2017's Hurricane Season Was Predicted, But Intense (Photo)

2017's Hurricane Season Was Predicted, But Intense (Photo) Promo Image

If you feel this summer's hurricane season has been especially hectic, you're not alone. At least one hurricane scientist said the configuration of three separate hurricanes in the Atlantic, each with the potential to hit land, is "unparalleled."

"[Three] hurricanes threatening land simultaneously in the W Atlantic Basin. Never seen anything like this in the modern record," Eric Blake of the National Hurricane Center tweeted on Sept. 7, accompanied by a radar-captured photo of hurricanes Irma, Jose and Katia.

Individuals on Twitter were quick to point out the hurricane season of 2010, when hurricanes Igor, Julia and Karl swirled around the Atlantic.

"(Not so "unparalleled"... It pays to check these things out before posting stuff that will freak folks out even more needlessly)," quipped one Twitter user in response to Blake's tweet.

Blake responded: "No. Julia was nowhere near land. Never a threat. Irma likely to do 100x+more damage than Igor/Karl. Let's not just compare one image."

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Blake also claimed that the image several users had posted comparing the locations of the 2010 and 2017 storms were distorted. In reality, he said, Igor was on a path towards Canada.

The NHC has issued advisories for Irma, Jose and Katia in North America. No such advisory was issued for Julia in 2010, Quartz reports.

Though the 2017 hurricane season has seen three hurricanes in the Atlantic basin simultaneously, scientists caution that this season is not totally unforeseen. The National Oceanic and Atmospheric Association had predicted this season to be active, The New York Times reports.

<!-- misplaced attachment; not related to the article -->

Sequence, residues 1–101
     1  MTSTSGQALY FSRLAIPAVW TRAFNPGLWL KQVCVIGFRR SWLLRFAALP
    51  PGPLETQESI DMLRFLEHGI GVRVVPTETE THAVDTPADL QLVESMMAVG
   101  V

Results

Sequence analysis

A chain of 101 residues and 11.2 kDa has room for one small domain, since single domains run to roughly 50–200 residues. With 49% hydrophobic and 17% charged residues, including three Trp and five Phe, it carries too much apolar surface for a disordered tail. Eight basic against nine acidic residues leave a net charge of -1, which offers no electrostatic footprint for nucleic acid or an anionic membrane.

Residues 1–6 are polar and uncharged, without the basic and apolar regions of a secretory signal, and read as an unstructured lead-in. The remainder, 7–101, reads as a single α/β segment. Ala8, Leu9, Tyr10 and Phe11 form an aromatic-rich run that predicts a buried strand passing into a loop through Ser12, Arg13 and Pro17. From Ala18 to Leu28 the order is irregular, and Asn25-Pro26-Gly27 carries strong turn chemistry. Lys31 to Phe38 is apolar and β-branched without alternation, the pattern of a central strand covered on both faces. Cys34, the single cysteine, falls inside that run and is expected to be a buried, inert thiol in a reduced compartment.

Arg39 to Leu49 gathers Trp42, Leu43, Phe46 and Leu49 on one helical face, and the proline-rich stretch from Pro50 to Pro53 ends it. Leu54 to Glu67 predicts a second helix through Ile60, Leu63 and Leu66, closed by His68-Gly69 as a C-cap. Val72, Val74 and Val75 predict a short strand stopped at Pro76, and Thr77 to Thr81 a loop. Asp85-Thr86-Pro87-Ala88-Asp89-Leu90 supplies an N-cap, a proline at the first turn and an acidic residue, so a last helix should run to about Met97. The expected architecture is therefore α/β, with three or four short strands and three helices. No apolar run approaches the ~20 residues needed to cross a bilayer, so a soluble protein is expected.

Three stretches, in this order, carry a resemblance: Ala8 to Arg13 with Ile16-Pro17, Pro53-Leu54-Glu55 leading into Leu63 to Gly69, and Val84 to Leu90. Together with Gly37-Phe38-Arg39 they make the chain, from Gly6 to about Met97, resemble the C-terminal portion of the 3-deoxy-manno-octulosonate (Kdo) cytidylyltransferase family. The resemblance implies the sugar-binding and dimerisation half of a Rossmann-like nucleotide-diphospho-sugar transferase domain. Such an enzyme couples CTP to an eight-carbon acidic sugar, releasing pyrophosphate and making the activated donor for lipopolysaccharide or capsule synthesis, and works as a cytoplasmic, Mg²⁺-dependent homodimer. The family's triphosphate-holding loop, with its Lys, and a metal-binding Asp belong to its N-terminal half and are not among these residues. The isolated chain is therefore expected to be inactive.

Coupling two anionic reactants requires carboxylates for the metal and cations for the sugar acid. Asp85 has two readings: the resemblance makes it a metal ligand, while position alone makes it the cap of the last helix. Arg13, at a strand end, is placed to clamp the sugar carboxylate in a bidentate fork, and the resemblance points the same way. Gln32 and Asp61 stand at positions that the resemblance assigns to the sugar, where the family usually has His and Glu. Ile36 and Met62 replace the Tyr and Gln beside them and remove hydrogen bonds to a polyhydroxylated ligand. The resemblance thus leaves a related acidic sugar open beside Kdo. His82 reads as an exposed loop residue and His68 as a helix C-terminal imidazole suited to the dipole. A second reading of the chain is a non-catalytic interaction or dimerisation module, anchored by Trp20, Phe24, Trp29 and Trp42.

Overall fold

Hurricane season typically peaks in June, July and August, when temperatures over the Atlantic ocean are warmest.

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While it is believed that climate change will exacerbate the severity of weather events, scientists say there is not much data to suggest hurricanes are getting worse because of climate change due to the limited amount of hurricanes that occur each year.

Dr. Gerry Bell, lead seasonal forecaster at the NOAA's Climate Prediction Center, told The New York Times that he does not take climate change into account when developing forecasts. Rather, he looks at trends over time.

"We've been in an active era since 1995," Bell said, noting that there were less hurricanes in 1971 to 1994 possibly because global temperatures were lower in general.

Some environmentalists feel a moral imperative to speak of climate change and warming temperatures when hurricanes like Harvey or Irma occur. However, other victims of hurricanes believe it is not respectful to speak about the causes of these disasters when people are still recovering.

One woman, Sarah Lankau, sent a message to Quartz in response to an article it published regarding the causes and potential lessons from Harvey. The article cited several examples of how the environment of Houston has changed over time -- citing loss of wetlands and development as having worsened Houston's flooding.

Lankau began her letter by praising Quartz's reporting, but asked the news outlet to not write what she calls "I told you so" articles on climate change in the immediate aftermath of the storm.

"...Please refrain from analyzing and quantifying our tragedy for likes and retweets at least until the sun comes out, the waters have receded, and we’ve found everyone we’ve lost," an excerpt of Lankau's message reads.

Sources: The New York Times, Eric Blake/Twitter, Quartz (2, 3) / Featured Image: Ana Rodriguez Carrington/Flickr / Embedded Images: NOAA via Yannick/Twitter, NASA Goddard Space Flight Center/Flickr

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